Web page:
Artist: Vadim Gortbatov. Art work from the book Great Fen: Artists for Nature by Chris Gerrard
The Great Fen will create a huge and diverse habitat that will be attractive for many species of wildlife. As well as larger numbers of some of the species we see on the Great Fen today, there may be new arrivals too.
One of the most impressive sights that visitors can expect to see is large flocks of wildfowl and wading birds. The new areas of open water should attract large numbers of winter waterfowl, including Wigeon, Teal, Gadwall and Shoveler. The edges of the meres could also provide nest sites for rarer breeding species, including the scarce and secretive Garganey.
The spectacular Osprey will almost certainly be seen fishing in the meres as it passes through on the way to and from Scotland. Or perhaps, as the breeding colony of Ospreys at Rutland Water expands, it may be that the Great Fen will provide attractive nest sites.
As the climate warms Little Egrets are increasingly colonising southern England. The odd individual are already being seen at the Great Fen but the new habitats may mean that this attractive bird becomes a regular visitor, and perhaps a breeder too. Other species of Egrets and Herons could well colonise the Fen and we might also see Spoonbills in the planned open-water areas. These tall, white waterbirds are rare in the UK, with under fifty birds wintering each year, and less than 10 breeding pairs.
Corn Bunting (picture by Tony House, www.seeing.org.uk) already occupy the Great Fen area and their key-jangling song is quite common in summer. In early 2012 a flock of at least 80 were seen feeding on Fat Hen and Burdock in a weedy part of one of the fields under restoration. Nationally this species has declined dramatically and is Red listed. It will be yet another important species that should benefit from the landscape-scale habitat restoration work that is taking place.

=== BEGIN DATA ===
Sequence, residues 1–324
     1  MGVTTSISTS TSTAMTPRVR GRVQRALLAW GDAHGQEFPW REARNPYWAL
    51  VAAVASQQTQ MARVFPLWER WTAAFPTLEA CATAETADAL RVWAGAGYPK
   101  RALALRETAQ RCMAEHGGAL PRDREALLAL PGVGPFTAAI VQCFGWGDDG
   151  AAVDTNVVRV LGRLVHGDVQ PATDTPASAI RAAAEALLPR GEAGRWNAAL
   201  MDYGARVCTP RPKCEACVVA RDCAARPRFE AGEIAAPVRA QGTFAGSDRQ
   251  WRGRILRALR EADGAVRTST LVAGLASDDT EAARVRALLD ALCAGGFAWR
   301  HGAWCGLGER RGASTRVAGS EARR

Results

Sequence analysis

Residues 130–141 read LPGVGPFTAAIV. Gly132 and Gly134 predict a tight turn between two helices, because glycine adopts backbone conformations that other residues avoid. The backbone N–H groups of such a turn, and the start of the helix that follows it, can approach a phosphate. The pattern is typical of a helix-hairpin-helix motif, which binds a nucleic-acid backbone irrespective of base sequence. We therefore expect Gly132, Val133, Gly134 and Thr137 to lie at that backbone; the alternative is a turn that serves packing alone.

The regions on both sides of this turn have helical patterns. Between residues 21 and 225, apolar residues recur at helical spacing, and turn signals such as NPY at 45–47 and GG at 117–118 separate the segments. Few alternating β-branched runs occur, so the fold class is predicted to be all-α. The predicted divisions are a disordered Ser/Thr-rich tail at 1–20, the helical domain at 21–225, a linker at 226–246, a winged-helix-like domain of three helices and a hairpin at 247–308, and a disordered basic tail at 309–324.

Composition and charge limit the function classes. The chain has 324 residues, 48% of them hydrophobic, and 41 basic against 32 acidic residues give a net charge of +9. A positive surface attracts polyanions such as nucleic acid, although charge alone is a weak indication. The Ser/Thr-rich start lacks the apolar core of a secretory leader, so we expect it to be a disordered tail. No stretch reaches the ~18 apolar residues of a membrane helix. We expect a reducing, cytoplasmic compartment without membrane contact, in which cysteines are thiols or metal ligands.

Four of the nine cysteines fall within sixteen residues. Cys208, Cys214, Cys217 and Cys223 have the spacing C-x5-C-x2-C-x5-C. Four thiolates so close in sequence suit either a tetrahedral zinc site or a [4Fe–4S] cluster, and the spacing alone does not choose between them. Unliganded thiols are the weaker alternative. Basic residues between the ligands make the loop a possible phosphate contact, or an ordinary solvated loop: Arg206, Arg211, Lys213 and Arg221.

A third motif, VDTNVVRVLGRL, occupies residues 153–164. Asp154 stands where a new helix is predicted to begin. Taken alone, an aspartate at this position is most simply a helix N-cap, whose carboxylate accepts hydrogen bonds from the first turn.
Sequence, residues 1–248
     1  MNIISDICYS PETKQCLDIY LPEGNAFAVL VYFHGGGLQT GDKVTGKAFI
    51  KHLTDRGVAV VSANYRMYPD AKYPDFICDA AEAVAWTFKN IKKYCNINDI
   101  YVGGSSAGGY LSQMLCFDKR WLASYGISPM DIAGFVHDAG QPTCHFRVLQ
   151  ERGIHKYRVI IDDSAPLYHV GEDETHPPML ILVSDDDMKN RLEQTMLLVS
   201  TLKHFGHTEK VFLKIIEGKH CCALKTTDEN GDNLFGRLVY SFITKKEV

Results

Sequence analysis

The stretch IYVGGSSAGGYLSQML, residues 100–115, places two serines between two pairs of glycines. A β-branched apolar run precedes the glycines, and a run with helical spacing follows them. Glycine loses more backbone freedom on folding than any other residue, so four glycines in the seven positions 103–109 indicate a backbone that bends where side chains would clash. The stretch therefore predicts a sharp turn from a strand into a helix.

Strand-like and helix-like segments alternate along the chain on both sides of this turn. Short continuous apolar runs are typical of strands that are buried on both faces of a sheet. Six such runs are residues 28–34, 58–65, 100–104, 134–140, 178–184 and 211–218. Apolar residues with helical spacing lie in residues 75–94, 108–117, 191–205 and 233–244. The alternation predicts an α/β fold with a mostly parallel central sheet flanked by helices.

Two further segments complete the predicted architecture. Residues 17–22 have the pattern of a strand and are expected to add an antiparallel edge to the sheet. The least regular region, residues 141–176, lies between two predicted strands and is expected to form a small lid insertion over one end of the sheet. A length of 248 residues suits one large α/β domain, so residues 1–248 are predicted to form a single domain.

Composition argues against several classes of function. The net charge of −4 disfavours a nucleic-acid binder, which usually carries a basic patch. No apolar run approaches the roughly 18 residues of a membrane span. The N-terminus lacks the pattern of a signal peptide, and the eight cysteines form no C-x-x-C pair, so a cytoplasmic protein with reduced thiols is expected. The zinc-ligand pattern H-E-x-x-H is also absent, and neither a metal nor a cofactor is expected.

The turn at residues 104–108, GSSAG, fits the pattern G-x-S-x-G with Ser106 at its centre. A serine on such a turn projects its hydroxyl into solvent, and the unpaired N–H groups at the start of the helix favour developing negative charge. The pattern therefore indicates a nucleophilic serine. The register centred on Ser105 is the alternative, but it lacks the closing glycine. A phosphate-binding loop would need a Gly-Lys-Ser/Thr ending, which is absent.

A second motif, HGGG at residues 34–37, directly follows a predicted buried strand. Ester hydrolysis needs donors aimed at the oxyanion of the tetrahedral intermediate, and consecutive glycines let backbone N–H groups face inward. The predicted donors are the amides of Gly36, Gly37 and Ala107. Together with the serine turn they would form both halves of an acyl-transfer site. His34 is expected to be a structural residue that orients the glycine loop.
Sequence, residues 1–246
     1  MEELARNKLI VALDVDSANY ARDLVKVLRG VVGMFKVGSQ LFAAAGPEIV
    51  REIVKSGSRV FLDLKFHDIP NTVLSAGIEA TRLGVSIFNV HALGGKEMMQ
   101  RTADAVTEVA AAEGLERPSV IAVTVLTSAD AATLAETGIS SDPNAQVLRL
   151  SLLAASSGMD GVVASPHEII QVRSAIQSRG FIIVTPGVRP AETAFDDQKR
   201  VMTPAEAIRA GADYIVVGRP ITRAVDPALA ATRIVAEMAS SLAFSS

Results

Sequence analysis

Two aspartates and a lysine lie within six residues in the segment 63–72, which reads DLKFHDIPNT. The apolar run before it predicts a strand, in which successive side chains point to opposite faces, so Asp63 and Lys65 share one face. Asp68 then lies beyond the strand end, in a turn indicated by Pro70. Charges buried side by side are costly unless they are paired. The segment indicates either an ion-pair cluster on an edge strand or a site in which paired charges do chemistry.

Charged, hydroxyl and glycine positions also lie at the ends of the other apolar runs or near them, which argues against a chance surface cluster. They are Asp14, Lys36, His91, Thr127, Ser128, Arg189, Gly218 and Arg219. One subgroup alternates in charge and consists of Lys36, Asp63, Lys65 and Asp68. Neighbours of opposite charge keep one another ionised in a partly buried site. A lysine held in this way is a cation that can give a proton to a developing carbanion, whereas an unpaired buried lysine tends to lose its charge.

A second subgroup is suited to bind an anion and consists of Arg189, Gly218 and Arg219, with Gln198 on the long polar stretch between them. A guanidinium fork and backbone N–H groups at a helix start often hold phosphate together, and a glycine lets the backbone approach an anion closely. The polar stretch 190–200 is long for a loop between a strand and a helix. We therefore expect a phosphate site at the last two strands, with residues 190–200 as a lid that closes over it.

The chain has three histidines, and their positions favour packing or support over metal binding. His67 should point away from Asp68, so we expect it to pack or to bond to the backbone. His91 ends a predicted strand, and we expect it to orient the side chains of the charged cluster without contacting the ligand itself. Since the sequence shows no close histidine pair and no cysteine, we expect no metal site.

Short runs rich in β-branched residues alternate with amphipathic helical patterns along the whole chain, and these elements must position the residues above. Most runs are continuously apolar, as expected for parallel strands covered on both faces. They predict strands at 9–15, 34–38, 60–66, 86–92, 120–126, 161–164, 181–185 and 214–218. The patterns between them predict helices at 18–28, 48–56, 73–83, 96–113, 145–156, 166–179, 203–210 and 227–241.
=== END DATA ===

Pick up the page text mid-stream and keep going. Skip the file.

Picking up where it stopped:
Corncrake is another possible future breeding species. Until 3 years ago, one had to travel to the Outer Hebrides to hear these birds' rasping calls in Britain. However, a re-introduction project by the RSPB on the Nene Washes is proving to be a great success. This colony is just a few miles from the Great Fen and, as suitable habitat is created here, it would be very surprising if Corncrake do not find it and move in.
One of the most exciting re-appearances that has already occurred was by Common Cranes. These large, graceful and gentle birds were once common in the fen landscape. They have an impressive 2.4 m wingspan and stands 1.2 metres tall. Across Europe, numbers have declined dramatically over the last 300 years as a result of disturbance, hunting and drainage and they disappeared from the fens entirely.
Small numbers pass through Britain on migration in the spring and autumn, but in recent years a tiny breeding population has begun to rebuild in part of Eastern England. (13 - 14 pairs in 2010). Then, for the first time in Spring 2008, the Great Fen hosted a pair of Common Cranes. They were at Woodwalton Fen for several weeks, roosting in the reedbeds by night and displaying and dancing on the restored fenland of Middle Farm and Darlow's Farm by day.
In selecting breeding sites, Cranes need areas with little disturbance. With quieter and larger areas planned for the Great Fen and as larger areas of reedbed, marsh and wetland develop, the habitats will be in place for these species to return and breed. More details about Common Cranes are here.
Many species which have lived for decades in very small populations at Woodwalton Fen and Holme Fen will be able to spread out into the restored areas. Already, rare fen plants have been found across the restored land, including Golden Dock.
For over a hundred years, Orange Foxtail was only found in one place in Huntingdonshire - Woodwalton Fen - but in 2010 a large population was found in Darlow's Farm, showing that species are spreading successfully.
The Fen Violet - found only at Woodwalton Fen and only two other sites in the UK - may also begin to spread into the wet meadows.